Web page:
Following a short break, Kriss Akabusi MBE was welcomed to the stage to present his personal story of growing up within the care system, following the departure of his parents from the UK, and how this impacted his life choices, from childhood struggles to finding his own inspirational adults, that led him to his success as an olympic athlete. Kriss’s powerful and personal keynote captivated the audience, with relatable and thought provoking memories that engaged the live and virtual delegates and opened the room up for discussions that continued throughout the day.
The Annual Conference included workshop sessions, provided by the 2021 Alex Timpson ARC Attachment Award winners, who exhibited their successful work, practices, knowledge and their schools embedded relational and inclusive behaviour policies that allow their young people to feel secure, enriched and enthusiastic about being at school. The workshops also included a range of presentations with updates from Helen Trivedi, The Rees Centre Oxford University, Rebecca Brooks, Adoption UK, and Louise Blackburn, Challenging Education.
ARC’s third keynote speaker, Director of Education at Berry Street, Australia, Dr Tom Brunzell, delivered an energising and inspirational keynote around transforming school culture, student engagement, trauma-informed practice, wellbeing and positive psychology.
The final keynote of the day was presented by distinguished scientist Dr Stephen Porges, streamed live from America. Dr Porges' keynote included his pioneering research in developmental psychophysiology and his ground-breaking book, ‘The Polyvagal Theory: Neurophysiological foundations of emotions, attachment, communication, and self-regulation’, has been instrumental in transforming our understanding of trauma. This sophisticated and scholarly keynote discussed how features of intergenerational trauma can be explained through the lens of the Polyvagal Theory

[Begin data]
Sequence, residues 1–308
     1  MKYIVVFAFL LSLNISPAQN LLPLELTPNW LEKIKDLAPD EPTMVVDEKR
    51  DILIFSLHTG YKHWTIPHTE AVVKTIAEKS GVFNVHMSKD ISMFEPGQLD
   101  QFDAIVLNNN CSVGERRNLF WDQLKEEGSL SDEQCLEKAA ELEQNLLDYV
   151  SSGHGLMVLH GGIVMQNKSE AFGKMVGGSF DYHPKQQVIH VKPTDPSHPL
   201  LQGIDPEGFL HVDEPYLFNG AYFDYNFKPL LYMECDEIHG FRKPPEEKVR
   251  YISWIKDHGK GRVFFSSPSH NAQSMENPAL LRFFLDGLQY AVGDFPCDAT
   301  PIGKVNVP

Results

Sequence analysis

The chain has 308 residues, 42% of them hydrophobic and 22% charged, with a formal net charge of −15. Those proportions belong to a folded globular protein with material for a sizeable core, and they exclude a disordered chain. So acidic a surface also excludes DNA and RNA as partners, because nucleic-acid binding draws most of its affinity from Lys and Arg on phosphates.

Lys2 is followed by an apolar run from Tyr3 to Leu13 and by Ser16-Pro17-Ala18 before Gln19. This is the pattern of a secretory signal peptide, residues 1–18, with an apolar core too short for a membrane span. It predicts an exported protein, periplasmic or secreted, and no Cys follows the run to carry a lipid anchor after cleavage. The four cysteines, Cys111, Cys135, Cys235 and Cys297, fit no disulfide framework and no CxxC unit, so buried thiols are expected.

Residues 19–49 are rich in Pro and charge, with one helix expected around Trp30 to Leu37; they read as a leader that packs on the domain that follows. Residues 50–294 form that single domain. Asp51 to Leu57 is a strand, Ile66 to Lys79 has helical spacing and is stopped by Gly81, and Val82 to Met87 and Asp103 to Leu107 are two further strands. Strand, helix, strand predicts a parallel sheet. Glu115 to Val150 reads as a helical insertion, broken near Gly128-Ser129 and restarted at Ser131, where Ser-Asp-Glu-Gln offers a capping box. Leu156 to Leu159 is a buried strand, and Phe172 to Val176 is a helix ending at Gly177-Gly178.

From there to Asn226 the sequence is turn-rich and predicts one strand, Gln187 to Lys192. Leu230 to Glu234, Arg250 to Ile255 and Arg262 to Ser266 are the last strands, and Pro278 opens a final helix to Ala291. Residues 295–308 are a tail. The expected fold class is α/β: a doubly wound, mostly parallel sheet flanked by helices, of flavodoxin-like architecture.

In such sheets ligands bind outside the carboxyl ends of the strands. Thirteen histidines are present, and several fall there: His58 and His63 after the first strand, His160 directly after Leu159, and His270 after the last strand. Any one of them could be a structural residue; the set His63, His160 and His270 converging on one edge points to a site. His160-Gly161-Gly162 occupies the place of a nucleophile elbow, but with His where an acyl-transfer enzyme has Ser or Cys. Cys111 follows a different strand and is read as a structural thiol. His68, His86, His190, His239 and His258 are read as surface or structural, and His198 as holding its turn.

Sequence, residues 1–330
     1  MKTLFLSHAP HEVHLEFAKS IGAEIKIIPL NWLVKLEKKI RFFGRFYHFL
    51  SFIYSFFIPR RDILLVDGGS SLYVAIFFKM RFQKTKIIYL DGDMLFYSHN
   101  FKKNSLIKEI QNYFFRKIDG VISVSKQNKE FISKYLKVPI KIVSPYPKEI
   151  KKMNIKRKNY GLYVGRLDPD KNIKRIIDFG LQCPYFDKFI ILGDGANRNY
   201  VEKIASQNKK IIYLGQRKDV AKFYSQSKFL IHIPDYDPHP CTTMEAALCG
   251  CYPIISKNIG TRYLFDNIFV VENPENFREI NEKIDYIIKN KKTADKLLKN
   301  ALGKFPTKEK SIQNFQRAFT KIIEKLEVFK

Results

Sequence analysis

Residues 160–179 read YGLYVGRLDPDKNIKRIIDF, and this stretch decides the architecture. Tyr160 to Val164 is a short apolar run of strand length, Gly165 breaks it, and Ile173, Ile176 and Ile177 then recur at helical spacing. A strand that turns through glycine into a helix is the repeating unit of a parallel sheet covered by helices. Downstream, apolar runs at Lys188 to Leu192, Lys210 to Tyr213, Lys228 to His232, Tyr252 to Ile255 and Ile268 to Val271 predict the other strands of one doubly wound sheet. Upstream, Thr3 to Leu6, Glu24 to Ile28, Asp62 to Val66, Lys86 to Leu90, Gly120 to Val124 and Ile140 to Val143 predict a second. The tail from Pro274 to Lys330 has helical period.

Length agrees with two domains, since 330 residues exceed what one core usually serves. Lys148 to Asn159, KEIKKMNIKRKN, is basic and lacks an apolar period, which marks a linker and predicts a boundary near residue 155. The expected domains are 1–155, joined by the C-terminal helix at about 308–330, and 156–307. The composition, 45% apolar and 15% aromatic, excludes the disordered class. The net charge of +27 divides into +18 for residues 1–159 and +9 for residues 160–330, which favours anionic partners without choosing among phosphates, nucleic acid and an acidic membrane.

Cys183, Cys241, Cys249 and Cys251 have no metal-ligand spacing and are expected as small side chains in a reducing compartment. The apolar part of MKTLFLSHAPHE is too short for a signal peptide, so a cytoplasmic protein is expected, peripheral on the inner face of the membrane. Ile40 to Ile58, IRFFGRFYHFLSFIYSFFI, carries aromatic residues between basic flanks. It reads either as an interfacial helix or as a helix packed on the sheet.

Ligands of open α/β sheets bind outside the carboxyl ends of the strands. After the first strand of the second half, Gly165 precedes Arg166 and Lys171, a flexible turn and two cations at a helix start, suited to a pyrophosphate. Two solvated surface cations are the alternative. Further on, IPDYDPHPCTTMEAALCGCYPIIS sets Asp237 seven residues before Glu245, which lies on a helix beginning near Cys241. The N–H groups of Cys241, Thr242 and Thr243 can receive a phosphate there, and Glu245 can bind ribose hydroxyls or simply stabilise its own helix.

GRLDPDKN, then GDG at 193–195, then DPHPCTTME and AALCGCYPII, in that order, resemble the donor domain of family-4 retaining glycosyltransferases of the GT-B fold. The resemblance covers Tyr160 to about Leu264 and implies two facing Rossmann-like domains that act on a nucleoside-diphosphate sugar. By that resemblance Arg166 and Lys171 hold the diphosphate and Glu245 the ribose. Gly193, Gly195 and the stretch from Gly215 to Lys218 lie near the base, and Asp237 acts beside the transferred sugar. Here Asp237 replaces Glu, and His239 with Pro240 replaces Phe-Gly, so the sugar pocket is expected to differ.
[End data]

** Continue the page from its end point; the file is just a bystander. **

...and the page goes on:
The day came to a close with the annual conference panel discussion, focussing on the past 12 months and the challenges faced by both students and staff within schools and settings, discussing subjects surrounding the importance of inclusive behaviour, the extension of the Virtual School Head Teacher role and the impacts of exclusion. The panellists included The Virtual School Head Teacher for North Yorkshire County Council and current Chair of The National Association of Virtual School Heads, Julie Bunn, Professor of Education and Children’s Social Care and Director of the Rees Centre, Leon Feinstein, past president of the
Association of School and College Leaders, Pepe Di’Lasio, and former teacher and foster carer, and an adoptive parent, author and policy advisor for Adoption UK, Rebecca Brooks.
Each panellist brought their own perspective, experiences and outlooks on the significant value of embedding attachment and trauma into our school communities and gave the delegates opportunities to listen to the raw realities and experiences faced by professionals everyday.
"It made me reflect on my own practices and approach to attachment and trauma. The keynote speakers had a wealth of experience and insight which they shared very passionately. Real people, real teachers, sharing real stories. It was also reassuring that they underpinned their views, methodologies and strategies with credible scientific evidence." - 2022 Annual Conference Delegate